She was also a member of the Alberta Municipal Government Board from 1994 to 2006, a member of the Edmonton Citizens’ Appeal Panel from 1998 to 2004, and a member of the City of Edmonton Court of Revision from 1991 to 1994.

As well, she participated in the community as a long-time member of both the Edmonton Business & Professional Women’s Club and the Rotary Club of Edmonton. After her appointment, she continued as a Friend of Rotary and was the Rotary Club recipient of a Paul Harris Fellowship.

Shelley_J_BenchAs a judge, she continued to be a moot court volunteer and speak at legal conferences. She also served on various QB committees and was the Court Representative in connection with legislative reviews conducted by Alberta Municipal Affairs in 2014 and 2017.

While on the Bench, Justice Shelley presided over many high-profile and challenging court cases, including the sexual assault jury trial of a Calgary psychiatrist who had been an expert witness in many trials, a family law case where she “wrestled for months” before changing the parenting regime, and a murder trial involving a so-called Mr. Big police sting operation.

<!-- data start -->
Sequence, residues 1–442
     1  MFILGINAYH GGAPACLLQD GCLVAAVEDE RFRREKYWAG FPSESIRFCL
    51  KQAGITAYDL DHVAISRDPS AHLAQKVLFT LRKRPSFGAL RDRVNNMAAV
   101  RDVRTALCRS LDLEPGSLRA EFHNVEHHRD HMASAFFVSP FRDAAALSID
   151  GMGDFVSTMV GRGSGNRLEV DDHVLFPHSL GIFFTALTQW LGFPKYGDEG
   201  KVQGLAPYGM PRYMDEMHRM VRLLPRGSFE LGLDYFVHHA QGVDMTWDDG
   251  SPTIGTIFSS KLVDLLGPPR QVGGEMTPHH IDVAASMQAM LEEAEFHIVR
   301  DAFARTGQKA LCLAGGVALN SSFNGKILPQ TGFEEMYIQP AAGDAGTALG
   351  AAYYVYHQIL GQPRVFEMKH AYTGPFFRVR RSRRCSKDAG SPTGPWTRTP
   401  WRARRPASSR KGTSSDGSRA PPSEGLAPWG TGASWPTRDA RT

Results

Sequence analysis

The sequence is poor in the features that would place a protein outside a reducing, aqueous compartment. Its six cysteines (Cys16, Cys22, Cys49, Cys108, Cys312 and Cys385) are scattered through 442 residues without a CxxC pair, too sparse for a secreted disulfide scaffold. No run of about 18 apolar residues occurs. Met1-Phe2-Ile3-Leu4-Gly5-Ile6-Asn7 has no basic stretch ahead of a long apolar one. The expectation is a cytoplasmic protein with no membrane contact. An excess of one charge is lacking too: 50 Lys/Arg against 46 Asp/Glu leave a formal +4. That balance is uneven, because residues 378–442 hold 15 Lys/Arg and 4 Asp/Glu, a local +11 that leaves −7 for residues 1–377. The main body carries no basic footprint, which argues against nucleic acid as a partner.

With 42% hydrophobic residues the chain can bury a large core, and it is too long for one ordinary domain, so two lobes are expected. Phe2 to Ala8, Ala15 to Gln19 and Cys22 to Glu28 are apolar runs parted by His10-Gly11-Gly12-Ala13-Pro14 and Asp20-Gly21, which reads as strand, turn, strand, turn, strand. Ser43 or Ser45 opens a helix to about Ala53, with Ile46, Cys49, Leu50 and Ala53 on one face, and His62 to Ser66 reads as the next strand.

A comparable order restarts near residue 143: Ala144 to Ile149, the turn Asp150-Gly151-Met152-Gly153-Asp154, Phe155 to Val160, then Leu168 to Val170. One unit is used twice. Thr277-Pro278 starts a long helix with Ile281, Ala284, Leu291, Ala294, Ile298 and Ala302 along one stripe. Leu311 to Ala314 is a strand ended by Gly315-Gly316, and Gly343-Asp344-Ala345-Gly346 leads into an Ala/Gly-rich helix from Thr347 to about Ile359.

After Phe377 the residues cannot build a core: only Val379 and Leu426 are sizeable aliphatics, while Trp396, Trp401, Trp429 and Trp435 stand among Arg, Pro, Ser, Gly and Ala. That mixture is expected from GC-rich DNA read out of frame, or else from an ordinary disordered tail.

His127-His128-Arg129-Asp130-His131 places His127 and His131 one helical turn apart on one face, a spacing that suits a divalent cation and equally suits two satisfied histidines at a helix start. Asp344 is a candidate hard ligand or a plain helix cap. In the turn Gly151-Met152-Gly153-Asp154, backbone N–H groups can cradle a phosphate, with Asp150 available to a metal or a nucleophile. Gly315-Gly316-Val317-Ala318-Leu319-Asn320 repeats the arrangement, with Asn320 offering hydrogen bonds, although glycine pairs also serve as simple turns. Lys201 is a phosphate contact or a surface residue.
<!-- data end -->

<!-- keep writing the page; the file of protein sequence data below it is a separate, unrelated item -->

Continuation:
However, the criminal case that sticks most in her mind is the trial of an Edmonton senior who was charged with second-degree murder after suffocating his bedridden wife in 2006. She convicted him of manslaughter in 2012.

“It was just such an unusual case and a heartbreaking case,” she says, adding that even the police officers involved in the investigation appeared sympathetic to the accused.

So, what is Justice Shelley going to do during her retirement?

She will be putting up her feet a little and is hoping to do some travel. She would love to rent an apartment for a month or so in various places and get immersed in the local culture.

“I also want to do some writing, on legal topics and some creative projects as well. I enjoy writing,” she said.

And, if that is not enough, she is planning to take some university classes, in subjects such as history, astronomy, philosophy and comparative religion, pick up some Board work and provide mentoring for young lawyers and law students.

“There are lots of inexperienced lawyers who seem to need some help and I would like to do that as a way of giving back,” she says.